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Chavismo advances in state control of NGOs

2023-01-25T03:50:39.820Z

The Parliament, totally related to Nicolás Maduro, approved in the first discussion the law that controls these organizations



Diosdado Cabello observes a Chavista march against the sanctions, this Monday in Caracas.Rayner Peña R. (EFE)

Diosdado Cabello's warning from a week ago came true.

The number two of Chavismo presented this Tuesday a bill in the National Assembly to control the work of non-governmental organizations and that raises alarms in civil society due to the possible restrictions it poses to freedom of association, acting in a context of humanitarian crisis and the receipt of international cooperation funds that support most of these associations.

“Behind an NGO there are faces, political parties, the rest is absolute hypocrisy.

I am sure that if we review the names of those who are behind those facades called NGOs, they live like kings because they spend their time traveling the world”, said the deputy and vice president of the government party (PSUV) during the debate, in the that the norm was approved that will now go to a second discussion in a Parliament totally controlled by Chavismo.

The legislative proposal for the supervision, regulation, performance and financing of NGOs and purposes has not been publicly disseminated, but a draft that was circulated among the organizations obliges them to register with the Comptroller General and present sworn declarations of assets.

In addition, it establishes that they cannot carry out "political activities" or receive funds for it, which opens a door for the Government to determine at its discretion what work can be considered as such.

In the debate, Cabello pointed directly to one of the NGOs with the longest experience and reach in Venezuela, Provea, which defends victims of extrajudicial executions, disappearances and torture, among other human rights violations.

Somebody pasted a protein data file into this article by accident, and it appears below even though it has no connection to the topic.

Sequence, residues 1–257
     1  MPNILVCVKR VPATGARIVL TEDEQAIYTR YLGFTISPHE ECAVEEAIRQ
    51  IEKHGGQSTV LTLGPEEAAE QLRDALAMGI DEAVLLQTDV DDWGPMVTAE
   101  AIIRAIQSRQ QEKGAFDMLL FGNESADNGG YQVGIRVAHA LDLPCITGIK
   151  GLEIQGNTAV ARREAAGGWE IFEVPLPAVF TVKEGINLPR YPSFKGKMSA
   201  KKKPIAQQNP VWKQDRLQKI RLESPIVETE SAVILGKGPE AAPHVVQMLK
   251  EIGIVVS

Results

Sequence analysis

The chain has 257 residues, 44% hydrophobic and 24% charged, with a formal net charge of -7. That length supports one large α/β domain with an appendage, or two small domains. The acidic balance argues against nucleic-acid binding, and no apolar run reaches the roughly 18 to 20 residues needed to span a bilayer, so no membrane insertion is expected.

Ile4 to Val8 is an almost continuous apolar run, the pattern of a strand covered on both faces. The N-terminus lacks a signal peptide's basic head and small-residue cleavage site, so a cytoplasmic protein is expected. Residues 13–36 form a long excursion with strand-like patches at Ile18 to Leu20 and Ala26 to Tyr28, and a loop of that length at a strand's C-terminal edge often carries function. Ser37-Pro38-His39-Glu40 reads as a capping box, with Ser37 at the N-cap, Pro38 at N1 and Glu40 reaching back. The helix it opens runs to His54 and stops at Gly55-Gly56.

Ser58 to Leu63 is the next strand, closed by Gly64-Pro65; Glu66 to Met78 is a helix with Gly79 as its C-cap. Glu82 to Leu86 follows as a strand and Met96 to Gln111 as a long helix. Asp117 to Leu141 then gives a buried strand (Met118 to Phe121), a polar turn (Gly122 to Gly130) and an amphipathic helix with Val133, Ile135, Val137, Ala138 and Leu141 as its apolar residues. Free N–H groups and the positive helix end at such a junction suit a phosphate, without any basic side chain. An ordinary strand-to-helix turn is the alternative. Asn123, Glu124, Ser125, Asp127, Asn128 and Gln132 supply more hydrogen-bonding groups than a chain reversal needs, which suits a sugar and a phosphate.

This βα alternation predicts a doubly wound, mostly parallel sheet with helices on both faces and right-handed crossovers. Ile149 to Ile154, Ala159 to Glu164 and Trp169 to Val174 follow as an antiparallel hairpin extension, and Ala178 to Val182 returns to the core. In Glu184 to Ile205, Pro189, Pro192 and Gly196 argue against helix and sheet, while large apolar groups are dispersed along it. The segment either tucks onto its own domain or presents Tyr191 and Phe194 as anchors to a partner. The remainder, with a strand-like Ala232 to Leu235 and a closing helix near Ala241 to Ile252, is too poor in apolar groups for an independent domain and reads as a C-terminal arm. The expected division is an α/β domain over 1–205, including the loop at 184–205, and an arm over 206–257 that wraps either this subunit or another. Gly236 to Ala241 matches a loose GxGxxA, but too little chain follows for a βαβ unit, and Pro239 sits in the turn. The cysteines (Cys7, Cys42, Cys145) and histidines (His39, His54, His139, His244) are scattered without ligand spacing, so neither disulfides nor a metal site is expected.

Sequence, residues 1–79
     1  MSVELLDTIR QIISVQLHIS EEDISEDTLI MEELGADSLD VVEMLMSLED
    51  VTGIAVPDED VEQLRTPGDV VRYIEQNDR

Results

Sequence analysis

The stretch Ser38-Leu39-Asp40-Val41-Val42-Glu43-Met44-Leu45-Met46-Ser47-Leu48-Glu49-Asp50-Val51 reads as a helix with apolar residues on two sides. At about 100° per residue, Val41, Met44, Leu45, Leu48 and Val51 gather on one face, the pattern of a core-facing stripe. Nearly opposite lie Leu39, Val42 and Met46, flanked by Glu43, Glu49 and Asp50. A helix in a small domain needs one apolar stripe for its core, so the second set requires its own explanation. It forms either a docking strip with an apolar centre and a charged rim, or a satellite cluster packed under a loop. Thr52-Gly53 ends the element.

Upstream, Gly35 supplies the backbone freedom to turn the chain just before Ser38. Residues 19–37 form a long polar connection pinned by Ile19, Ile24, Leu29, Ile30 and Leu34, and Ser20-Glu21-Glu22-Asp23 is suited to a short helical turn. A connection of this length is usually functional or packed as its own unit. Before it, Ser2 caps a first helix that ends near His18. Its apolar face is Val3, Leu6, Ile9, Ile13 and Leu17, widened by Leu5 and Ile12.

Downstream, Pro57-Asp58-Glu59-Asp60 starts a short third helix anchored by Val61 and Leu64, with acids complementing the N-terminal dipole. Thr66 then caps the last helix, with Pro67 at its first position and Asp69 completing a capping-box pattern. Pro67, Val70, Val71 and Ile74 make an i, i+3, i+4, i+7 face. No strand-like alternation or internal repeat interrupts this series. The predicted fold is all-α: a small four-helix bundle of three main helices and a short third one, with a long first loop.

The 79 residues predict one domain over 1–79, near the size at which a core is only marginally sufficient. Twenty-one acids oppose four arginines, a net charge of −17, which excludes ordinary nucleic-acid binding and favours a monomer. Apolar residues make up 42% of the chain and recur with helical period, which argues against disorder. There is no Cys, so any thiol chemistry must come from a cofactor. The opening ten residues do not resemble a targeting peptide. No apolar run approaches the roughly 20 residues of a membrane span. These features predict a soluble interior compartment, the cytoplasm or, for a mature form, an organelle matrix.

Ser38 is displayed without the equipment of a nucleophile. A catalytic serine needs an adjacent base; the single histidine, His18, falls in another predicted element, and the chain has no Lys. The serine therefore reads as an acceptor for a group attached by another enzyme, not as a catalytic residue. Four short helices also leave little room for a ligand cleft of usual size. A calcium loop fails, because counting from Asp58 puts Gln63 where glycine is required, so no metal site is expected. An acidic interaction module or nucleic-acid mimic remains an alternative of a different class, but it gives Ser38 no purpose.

He also pointed out Súmate dedicated to the oversight of the electoral system and the promotion of the vote.

The government of Nicolás Maduro has been criminalizing the work of NGOs for years with police harassment and arrests of their members.

An emblematic case is that of Javier Tarazona, director of Fundaredes, who has been detained since July 2, 2021, accused of incitement and terrorism.

Tarazona had documented and denounced human rights violations during the armed conflict that took place that year between the Venezuelan Army and former FARC guerrilla dissidents in the south of Apure, on the border of the Arauca River.

A narrative has been built in Venezuela that links them to agents of foreign governments, as was also done in Daniel Ortega's Nicaragua, where a law has already been passed that has led to the illegalization of more than 3,000 organizations.

The NGO ecosystem has been key in recent years to deploy the aid and funds that have come through the United Nations humanitarian agencies to contain the serious food and health crisis that a large part of Venezuelans are experiencing.

It is the mechanism that has made it possible to assist the most vulnerable populations on the ground.

This new regulation may further suspend the feasibility of the agreement signed last October at the negotiating table in Mexico for the unfreezing of 3,000 million dollars in government accounts abroad to be distributed by the UN for health care, education and attention to those affected by last year's floods and landslides.

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Source: elparis

All news articles on 2023-01-25

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